Multitasking – a recipe for anxiety

Think of a single activity as a boat.  Only a fool would try to row two boats at once.  Photo by Wes Grant on Unsplash

In the popular press, there is sometime argument about which gender is or is not able to multitask.  But there is not so much discussion about whether multitasking is a good thing in the first place.


Multitasking is doing more than one thing at once.  For instance, a parent might be looking after their child, while simultaneously handling a work phone call.

Some popular discussion has it that women are better multitaskers than men.  More recent studies have suggested that men and women might actually have very similar multitasking capabilities, but use them differently.


Multitasking is popularly considered a key skill.  In the modern world, the story goes, we need to be able to handle several threads of activity at once.  Home life and work life often converge, and it is thought helpful to be able to combine the two in the same moment.  At home, household chores, organisational chores, and childcare often converge, and it is similarly thought good (or necessary) to be able to handle that convergence.

In general, multitasking skills can be helpful in that they:

  • help people to survive imposed multitasking environments
  • are evidence of enhanced specialised cognitive ability
  • may indicate greater creativity, as creativity sometimes involves handling multiple streams of thinking at once

However, compulsive multitasking has drawbacks.  Even if the modern world imposes multitasking responsibilities, this does not mean they are good for you.  Having a skill is not the same thing as that skill being a good one to use.  There may be other ways of doing things, without having to multitask.

Multitasking can cause problems for us, in that it:

  • forces us to use our very short term working memory for more than one thing, which we are not naturally built for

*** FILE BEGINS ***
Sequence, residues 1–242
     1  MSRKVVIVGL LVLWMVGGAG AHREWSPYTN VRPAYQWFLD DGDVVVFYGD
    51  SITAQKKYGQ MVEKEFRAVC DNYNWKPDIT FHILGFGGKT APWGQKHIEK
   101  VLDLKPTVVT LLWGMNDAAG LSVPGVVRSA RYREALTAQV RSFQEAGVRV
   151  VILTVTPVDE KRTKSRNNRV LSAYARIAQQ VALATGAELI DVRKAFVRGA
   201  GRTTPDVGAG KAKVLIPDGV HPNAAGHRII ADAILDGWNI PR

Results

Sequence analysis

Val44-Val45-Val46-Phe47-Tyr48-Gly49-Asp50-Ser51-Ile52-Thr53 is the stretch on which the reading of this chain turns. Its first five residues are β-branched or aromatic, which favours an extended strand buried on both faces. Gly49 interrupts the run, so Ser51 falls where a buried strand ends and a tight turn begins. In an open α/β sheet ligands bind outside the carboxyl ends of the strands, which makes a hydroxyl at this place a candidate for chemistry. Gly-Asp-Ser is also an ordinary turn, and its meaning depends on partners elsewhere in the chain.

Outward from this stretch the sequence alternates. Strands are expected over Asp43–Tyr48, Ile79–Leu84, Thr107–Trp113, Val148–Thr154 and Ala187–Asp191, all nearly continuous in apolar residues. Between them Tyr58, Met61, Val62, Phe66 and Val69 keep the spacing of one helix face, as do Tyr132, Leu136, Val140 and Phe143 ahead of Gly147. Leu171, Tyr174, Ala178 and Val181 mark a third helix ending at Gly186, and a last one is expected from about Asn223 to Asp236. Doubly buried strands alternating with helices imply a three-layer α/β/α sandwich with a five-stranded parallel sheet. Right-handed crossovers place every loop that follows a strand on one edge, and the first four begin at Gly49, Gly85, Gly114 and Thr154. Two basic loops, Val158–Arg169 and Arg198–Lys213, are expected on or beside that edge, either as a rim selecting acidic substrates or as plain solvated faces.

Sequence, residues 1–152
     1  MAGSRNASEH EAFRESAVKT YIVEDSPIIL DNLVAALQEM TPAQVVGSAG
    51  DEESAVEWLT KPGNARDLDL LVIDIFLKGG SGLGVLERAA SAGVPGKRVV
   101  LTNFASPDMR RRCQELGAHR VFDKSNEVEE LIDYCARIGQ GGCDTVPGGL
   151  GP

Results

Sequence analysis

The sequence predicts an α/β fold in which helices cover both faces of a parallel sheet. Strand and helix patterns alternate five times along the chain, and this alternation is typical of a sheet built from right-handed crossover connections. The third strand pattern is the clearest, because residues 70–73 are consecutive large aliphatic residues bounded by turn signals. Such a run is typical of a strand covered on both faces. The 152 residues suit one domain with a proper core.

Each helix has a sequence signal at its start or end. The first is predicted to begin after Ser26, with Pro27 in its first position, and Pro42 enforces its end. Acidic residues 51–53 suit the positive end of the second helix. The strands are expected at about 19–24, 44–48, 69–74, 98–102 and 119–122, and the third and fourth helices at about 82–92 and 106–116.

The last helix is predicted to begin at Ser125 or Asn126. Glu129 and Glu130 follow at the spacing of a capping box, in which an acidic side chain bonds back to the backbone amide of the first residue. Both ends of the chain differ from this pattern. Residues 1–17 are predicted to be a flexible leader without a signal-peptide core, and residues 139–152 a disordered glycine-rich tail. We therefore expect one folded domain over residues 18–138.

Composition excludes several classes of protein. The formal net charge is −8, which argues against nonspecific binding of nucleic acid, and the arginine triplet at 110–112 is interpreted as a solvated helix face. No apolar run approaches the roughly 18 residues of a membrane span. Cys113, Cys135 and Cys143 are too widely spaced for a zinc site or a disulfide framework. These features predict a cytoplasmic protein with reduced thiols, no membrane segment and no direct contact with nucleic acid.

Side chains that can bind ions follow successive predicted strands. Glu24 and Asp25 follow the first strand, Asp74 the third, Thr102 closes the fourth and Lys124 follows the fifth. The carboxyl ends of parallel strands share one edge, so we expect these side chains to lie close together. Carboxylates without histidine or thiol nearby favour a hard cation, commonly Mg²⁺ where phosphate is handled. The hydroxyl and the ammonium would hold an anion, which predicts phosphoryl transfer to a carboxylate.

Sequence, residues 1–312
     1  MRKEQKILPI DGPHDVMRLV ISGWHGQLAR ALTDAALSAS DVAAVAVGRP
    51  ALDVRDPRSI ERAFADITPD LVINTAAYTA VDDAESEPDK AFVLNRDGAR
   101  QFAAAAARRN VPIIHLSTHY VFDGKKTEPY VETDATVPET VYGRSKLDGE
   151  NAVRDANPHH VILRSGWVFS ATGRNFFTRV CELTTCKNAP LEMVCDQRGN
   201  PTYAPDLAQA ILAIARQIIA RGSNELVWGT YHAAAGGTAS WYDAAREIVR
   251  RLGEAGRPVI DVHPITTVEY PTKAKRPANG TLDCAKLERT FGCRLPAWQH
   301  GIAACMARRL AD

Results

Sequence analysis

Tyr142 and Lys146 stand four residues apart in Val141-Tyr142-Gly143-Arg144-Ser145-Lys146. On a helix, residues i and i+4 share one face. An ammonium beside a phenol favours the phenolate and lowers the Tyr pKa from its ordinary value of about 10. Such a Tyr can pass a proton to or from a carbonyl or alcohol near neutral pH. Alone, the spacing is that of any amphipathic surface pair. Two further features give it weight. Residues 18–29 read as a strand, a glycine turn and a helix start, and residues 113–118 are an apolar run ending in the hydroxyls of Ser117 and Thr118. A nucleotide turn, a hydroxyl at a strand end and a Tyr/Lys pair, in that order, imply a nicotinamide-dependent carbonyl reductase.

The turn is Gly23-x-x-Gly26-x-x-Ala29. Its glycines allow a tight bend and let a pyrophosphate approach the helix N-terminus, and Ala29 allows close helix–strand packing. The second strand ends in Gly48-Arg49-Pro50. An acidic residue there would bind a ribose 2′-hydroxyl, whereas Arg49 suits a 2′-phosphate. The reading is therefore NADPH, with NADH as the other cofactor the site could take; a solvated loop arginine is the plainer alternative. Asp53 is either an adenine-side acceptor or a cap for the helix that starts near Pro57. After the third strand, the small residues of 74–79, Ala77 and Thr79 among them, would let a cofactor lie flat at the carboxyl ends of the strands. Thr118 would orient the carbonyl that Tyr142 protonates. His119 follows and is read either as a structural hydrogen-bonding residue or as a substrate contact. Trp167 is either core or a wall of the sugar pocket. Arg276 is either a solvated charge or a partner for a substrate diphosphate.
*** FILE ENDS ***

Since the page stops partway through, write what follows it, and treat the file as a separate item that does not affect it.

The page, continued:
• causes us significant irritation and anxiety by requiring us to handle dissonant signals simultaneously
  • breaks our focus

If you want to make someone anxious, then give them lots of different, conflicting things to do at once.  Their working memory will rapidly become overloaded, their irritation levels will rise, and they will find it extremely hard to focus.  These are all signs of mental illness.


Next time you find yourself multitasking, see if you can find a way of translating your job list into a series of manageable tasks, instead of a pile of simultaneous, unmanageable tasks.

Consider how you can construct your working practices to make sure that you are not required to do several overlapping things at once.

Pay attention to your body and mind.  Are you requiring them to double up on tasks?  Try doing one thing at a time.  Do you find it more peaceful?



There is discussion in the popular press about whether men or women are the better multitaskers.

This can mask the benefits of ‘single-tasking’.

Perhaps, next time you are overwhelmed, try to convert the mass of jobs to do into one thing at a time.  It may help you to become more focused and peaceful.